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The Cover
December 17, 2003

The Conquest of the Air

Author Affiliations

The Cover Section Editor: M. Therese Southgate, MD, Senior Contributing Editor.

JAMA. 2003;290(23):3038. doi:10.1001/jama.290.23.3038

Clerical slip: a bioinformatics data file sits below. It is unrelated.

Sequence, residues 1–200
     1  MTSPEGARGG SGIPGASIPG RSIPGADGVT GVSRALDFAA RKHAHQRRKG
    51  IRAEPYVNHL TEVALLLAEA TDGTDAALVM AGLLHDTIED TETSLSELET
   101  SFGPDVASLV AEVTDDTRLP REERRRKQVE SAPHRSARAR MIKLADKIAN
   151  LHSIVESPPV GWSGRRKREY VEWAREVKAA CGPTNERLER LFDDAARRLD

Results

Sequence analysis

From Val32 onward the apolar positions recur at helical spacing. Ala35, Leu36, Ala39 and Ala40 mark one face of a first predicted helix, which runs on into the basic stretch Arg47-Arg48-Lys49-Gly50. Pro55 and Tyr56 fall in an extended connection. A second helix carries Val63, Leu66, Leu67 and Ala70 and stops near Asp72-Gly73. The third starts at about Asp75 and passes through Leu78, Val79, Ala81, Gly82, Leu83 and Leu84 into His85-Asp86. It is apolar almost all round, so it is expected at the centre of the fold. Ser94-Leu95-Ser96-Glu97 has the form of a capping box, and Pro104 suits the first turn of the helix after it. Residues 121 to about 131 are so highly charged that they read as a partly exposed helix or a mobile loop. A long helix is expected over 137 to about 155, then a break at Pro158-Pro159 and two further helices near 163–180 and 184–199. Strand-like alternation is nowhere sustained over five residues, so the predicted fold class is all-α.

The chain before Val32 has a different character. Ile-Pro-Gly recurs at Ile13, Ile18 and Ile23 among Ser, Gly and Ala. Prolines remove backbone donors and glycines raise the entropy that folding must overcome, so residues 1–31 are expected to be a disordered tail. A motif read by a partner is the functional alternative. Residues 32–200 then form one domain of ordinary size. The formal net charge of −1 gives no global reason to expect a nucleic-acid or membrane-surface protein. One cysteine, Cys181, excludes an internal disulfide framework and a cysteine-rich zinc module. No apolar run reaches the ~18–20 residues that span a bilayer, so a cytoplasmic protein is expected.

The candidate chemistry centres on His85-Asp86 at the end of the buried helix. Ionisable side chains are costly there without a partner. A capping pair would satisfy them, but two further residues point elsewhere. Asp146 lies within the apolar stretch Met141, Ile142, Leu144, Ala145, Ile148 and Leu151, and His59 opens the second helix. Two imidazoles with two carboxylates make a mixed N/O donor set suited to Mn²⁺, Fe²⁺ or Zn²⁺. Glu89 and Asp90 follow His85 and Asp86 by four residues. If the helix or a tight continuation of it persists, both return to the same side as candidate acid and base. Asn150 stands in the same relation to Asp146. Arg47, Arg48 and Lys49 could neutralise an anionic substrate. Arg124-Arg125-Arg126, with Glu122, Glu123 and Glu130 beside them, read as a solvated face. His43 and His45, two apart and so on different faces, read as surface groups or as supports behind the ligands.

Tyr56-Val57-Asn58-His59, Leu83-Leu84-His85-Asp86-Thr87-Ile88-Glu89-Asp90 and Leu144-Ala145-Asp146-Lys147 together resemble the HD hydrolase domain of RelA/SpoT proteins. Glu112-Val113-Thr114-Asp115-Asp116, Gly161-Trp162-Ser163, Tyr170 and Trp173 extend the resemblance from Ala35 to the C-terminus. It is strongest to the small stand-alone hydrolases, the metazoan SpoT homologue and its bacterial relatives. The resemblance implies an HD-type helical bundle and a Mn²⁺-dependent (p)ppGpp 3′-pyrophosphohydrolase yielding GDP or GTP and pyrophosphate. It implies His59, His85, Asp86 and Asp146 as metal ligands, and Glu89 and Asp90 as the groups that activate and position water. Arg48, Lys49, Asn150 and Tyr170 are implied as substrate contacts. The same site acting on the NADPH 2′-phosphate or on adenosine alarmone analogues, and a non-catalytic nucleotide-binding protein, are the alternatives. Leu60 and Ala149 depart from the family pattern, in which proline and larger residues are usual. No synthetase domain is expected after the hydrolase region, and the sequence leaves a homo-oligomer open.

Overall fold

It was Thursday morning, the 17th of December, 1903. Just outside Kitty Hawk, North Carolina, in a scrubby, windswept area of the Outer Banks known as Kill Devil Hills, Wilbur and Orville Wright were about to do what humans had dreamed of doing even before the days of Icarus: "powered, sustained, and controlled flight" in the air, above the earth. Conditions that day were hardly auspicious: the wind was blowing at between 24 and 27 miles per hour; overnight, ice had formed on the puddles around the brothers' camp. Yet, over a period of little more than 90 minutes, between 10:35 AM and noon, they would do what Icarus had failed at and Leonardo could only dream of—not once, but four times. As the result of an earlier coin toss, Orville earned the right to try first. In a bumpy and erratic ride, he stayed aloft for 12 seconds and traveled 120 feet. Wilbur made the second flight, at 11:20 AM, and also stayed up for about 12 seconds, but with a lesser wind, he traveled some 75 feet farther than Orville. The third flight was Orville's again and he flew 200 feet in 15 seconds. At noon, Wilbur took off for the final flight, covering 852 feet in 59 seconds. But the wind had its revenge. Shortly after Wilbur landed, a sudden gust caught the plane and cartwheeled it across the dunes, causing major damage and ending their experiments for that year. It was only an interruption, however. In less than five years, in September 1908, Wilbur would stay aloft for more than an hour and a half and would cover a distance of 61 miles, a world record. Two weeks later, in Le Mans, France, with a passenger in tow, he flew for 65 minutes. That was enough for the French government: they ordered 50 of the biplanes. (At the same time, Orville was conducting a similar test flight for the United States at Fort Myer, Virginia. That flight ended tragically when the plane failed. Orville was badly injured and his passenger, Army Lieutenant Thomas E. Selfridge, was killed.)

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